The best outfield ever to play in the big leagues was a remarkable trio that spent five seasons together, a long time as outfields go, on the Philadelphia Phillies in the 1890s, way back in baseball's Dark Ages. Before you dismiss that best-outfield claim as the raving of a hidebound antiquarian, consider the exploits of Del. Big Sam and Sliding Billy.
Del was Ed Delahanty, the leftfielder, who was named to the Hall of Fame in 1945. Delahanty, 6'1", 170 pounds, was an accomplished outfielder graceful enough to play the infield when he was needed there. He was a remarkable hitter whose lifetime average of .346 is the fourth highest of all time; only Ty Cobb, Rogers Hornsby and Shoeless Joe Jackson have surpassed it. Delahanty was a righthanded power hitter, a crowd pleaser. In 1893 he excited the Philadelphia fans one day by hitting two long "foul home runs" to left in the ninth before clouting a bases-clearing triple off the centerfield fence. "The tumult was kept up for such a length of time as to make it absolutely necessary for Umpire Gaffney to stop the game for a while," reported the Philadelphia Public Ledger. "The spectators acted like maniacs; they jumped and danced around, threw straw hats, coats, canes and umbrellas in the air and yelled at the top of their voices..."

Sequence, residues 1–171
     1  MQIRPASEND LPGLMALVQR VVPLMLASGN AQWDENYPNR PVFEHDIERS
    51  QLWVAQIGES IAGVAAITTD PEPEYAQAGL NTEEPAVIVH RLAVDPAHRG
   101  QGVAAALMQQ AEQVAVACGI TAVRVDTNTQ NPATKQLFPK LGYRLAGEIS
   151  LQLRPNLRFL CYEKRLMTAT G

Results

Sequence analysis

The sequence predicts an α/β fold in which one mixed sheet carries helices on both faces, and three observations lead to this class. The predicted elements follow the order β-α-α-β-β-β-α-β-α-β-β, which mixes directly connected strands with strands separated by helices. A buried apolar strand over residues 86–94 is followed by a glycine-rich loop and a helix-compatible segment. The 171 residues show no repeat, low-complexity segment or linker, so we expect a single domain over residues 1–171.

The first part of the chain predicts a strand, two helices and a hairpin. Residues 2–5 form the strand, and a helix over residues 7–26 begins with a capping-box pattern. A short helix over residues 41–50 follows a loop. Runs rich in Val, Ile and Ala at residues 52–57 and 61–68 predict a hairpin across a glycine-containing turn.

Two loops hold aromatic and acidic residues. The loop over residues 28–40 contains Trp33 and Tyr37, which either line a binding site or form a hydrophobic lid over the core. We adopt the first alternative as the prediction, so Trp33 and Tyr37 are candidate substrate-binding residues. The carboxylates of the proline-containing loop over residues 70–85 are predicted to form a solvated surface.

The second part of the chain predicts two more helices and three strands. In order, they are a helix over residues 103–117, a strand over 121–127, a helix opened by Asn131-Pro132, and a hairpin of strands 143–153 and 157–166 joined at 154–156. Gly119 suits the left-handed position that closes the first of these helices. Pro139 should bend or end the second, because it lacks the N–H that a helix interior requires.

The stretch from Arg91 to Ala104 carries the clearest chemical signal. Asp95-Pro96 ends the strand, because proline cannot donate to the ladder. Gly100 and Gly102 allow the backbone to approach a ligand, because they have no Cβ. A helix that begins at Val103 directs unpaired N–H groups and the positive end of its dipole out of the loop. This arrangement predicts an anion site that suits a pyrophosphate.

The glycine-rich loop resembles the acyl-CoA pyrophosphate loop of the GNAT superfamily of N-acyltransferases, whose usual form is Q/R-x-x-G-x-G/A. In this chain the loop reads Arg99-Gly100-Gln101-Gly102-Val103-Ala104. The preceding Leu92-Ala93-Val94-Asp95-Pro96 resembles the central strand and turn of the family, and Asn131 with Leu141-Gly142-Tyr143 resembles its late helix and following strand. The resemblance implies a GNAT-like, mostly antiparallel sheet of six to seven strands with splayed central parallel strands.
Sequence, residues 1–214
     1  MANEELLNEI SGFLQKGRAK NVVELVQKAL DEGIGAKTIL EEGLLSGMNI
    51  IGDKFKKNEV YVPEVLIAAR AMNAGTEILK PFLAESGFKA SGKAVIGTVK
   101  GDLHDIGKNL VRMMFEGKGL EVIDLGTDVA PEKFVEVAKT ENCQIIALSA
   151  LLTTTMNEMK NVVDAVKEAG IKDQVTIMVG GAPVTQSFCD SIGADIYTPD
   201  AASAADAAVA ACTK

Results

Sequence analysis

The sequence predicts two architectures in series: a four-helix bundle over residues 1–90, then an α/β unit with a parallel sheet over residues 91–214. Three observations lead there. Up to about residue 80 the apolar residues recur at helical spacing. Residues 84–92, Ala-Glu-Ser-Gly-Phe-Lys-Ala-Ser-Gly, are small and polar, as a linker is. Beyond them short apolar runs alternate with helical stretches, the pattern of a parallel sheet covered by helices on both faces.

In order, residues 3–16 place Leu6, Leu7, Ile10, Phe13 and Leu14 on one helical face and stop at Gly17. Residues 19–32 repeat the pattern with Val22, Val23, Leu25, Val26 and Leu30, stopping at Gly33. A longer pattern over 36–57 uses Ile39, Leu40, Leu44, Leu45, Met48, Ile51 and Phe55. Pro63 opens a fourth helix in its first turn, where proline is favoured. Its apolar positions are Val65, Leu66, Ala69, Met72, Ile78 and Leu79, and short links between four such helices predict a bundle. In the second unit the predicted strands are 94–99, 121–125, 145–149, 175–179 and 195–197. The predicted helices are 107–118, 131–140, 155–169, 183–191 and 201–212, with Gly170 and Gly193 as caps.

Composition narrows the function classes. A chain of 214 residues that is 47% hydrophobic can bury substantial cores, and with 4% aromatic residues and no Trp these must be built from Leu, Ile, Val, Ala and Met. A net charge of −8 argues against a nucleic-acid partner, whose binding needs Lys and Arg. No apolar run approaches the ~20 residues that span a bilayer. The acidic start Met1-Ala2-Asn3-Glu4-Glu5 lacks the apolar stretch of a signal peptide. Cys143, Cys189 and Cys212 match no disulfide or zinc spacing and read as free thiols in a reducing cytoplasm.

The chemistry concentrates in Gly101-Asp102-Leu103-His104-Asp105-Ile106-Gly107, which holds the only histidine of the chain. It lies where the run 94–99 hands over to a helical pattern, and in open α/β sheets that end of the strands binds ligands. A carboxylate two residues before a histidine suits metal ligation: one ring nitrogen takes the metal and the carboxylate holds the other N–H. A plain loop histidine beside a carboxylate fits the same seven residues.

One day in Chicago in 1896 Delahanty hit a home run in the first inning, singled in the third, hit another homer in the fifth and another in the seventh. When he came to bat in the ninth, the Chicago fans were shouting, "Line it out. Del! Make it four!" He responded by hitting one onto the clubhouse roof in left for his fourth home run of the game.